Industry News Legal Management Updates

How Firms Can Assess Behavioral Tendencies to Drive Training and Revenue

Your firm spent $50,000 sending 20 attorneys to a conference with little new business to justify the investment. Sound familiar? That’s probably because only 5 of the 20 attorneys enjoy networking. Others might be natural closers or great analysts, but this doesn’t mean they like attending social events, public speaking, wining and dining prospects, or bringing in leads.
Ioana Good and Adrien Maines

Law firms often aim to create a culture of business development where client service and revenue generation are top priorities to remain competitive. Attorneys are often financially incentivized to bring in work. Time and resources are committed to networking events, conferences, public relations initiatives and firm retreats — all with the goal of serving as thought leaders, nurturing client relationships and bringing in new clients. Partnership tracks often rely on an attorney’s ability to bring in work; some excel and are promoted early in their careers. Others struggle to find a foothold in a discipline they’re either not cut out for or aren’t adequately trained in.

“The reality is that while the intention is to build a firm where revenue generation is done by many, a great deal of time and money is wasted if people are not in the proper roles or are not provided with the coaching they need,” says Peter Johnson, a former managing partner and Founder of Law Practice Consultants. “[U]sing biodata [helps] inform decision-making surrounding who is best suited to focus on PR, lead generation, creative thinking, analytics to measure success and closing a deal.”

While personality and behavioral assessments have been used for decades, the results traditionally don’t inform clear decision-making about what roles people should be in, what training and coaching they need to become stronger, and which team formations work best to drive dollars and top-line revenue.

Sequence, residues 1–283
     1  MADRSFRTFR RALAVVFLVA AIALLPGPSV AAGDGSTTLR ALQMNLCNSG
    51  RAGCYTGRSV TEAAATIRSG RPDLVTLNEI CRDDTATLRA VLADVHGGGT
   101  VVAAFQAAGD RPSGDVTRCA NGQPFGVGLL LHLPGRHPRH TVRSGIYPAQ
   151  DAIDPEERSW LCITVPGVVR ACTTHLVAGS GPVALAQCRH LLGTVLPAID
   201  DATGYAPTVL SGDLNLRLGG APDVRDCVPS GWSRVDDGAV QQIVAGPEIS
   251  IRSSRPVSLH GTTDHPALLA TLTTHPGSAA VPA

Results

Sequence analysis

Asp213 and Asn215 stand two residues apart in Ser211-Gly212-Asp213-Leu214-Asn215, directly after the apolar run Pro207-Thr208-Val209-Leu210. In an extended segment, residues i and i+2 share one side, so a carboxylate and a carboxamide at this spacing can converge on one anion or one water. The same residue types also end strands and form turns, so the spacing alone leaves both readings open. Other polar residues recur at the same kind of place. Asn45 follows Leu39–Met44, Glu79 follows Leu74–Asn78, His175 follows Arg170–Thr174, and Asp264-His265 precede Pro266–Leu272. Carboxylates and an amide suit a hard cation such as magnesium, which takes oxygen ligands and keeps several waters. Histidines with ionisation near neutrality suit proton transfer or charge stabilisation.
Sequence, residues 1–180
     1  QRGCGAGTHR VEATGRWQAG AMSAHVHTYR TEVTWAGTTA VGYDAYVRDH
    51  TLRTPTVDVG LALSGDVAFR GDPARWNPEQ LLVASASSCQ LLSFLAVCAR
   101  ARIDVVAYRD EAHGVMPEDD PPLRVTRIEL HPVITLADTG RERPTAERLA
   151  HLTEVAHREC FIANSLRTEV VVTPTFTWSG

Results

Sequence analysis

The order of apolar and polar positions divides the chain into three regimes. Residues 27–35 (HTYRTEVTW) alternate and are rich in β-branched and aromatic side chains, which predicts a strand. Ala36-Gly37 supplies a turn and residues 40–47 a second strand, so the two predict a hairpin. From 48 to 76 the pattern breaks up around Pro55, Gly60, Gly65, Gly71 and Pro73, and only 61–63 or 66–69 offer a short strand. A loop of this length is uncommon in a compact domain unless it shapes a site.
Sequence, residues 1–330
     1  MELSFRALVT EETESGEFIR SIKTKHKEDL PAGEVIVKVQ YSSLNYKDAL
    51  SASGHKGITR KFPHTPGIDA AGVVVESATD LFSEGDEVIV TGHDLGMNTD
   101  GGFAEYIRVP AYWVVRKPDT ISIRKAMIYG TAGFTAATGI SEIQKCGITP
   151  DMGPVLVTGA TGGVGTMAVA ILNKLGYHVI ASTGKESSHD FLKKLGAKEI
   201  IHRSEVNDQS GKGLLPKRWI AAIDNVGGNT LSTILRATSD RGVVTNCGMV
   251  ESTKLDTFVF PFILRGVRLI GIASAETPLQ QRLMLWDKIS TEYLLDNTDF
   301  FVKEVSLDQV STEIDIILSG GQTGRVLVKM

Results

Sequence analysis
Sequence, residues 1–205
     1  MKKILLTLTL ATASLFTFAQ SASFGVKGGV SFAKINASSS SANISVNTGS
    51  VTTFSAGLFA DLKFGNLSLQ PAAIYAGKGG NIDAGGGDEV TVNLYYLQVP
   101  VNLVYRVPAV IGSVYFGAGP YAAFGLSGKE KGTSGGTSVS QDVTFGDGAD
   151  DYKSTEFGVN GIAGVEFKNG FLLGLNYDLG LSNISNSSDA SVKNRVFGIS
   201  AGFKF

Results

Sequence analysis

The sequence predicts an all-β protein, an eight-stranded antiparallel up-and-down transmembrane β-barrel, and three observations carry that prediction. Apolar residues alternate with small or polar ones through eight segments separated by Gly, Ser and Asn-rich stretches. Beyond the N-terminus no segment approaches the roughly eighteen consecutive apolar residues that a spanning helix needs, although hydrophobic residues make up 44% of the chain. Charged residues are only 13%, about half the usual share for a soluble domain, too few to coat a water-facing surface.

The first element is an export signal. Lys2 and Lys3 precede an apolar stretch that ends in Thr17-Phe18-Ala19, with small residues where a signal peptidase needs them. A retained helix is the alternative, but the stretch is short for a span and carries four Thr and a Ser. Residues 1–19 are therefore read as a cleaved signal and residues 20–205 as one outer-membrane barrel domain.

Five behavioral benchmarks have been created using hundreds of individuals who have demonstrated success in varying industries. These five benchmarks ― the Media Mogul, Notable Networker, Amazing Analyst, Creative Collaborator and Constant Closer — quickly provide an output report comparing participants’ assessments and rating them on a 1 to 10 scale. Firms can create their own custom assessments through a tailored profile that uses the results of firm-selected individuals; every organization has individuals they would clone if they could.

“While personality and behavioral assessments have been used for decades, the results traditionally don’t inform clear decision-making about what roles people should be in.”

This type of rapid behavioral survey helps firms decide who should attend a conference and speak publicly to large groups of attendees or the press, who is best at creative approaches to bring in business and measure their success, and who should work the final stages to close the deal.

Here is a brief overview of each benchmark.

1. The Media Mogul

Media Moguls are poised, quick on their feet, and enjoy using their expertise to provide insights that help others understand and learn. They display behavioral tendencies that indicate they are not easily distracted and like to finish what they started. They are comfortable in group settings and have high confidence.

2. Constant Closer

The Constant Closer is proactive and gets the deal done. They are competitive, creative and known to motivate others. Closers like to review all the details to ensure they reach the outcome they strive for, often finding an avenue to win business in ways others had not considered.

3. Notable Networker

A Notable Networker enjoys being in groups of people and maintains many relationships with friends and colleagues. They are free-spirited, always up for a new adventure and having fun. Often considered charming and enthusiastic, they value insights from trusted advisers. Notable Networkers are connectors of people who identify and form relationships that solve problems.

4. Amazing Analyst

An Amazing Analyst has a strong sense of duty and is extremely focused on getting the job done. They prefer logic and analysis to emotional decision-making. They like routine and structure and will step into the limelight to present technical information and findings. They tend to be risk averse, value stability and are willing to explore new ideas or methods, but only if they can be proven with data and analysis.

5. Creative Collaborator

The Creative Collaborator may be cautious when meeting people, but once a relationship is formed, they are extremely supportive. They are charismatic, energetic and social, often telling stories that draw in others. Never one to shy away from a challenge, they like to push boundaries and spark ideas for the sake of improvement. They are original thinkers, resilient, handle stress well and seek out adventure.

Knowing who to send to a conference to generate revenue versus who to rely on to analyze and come up with creative solutions to business problems is critical. Knowing where to invest in training will also help firms succeed. As firms grow, merge and expand in a hybrid environment, this data becomes extremely valuable. It saves time, focuses effort and helps firms go far!  

Ioana Good, Adrien Maines and Peter Johnson recently joined us on Legal Management Talk to discuss how data and benchmarks can help turn your lawyers into rainmakers. Check out the episode here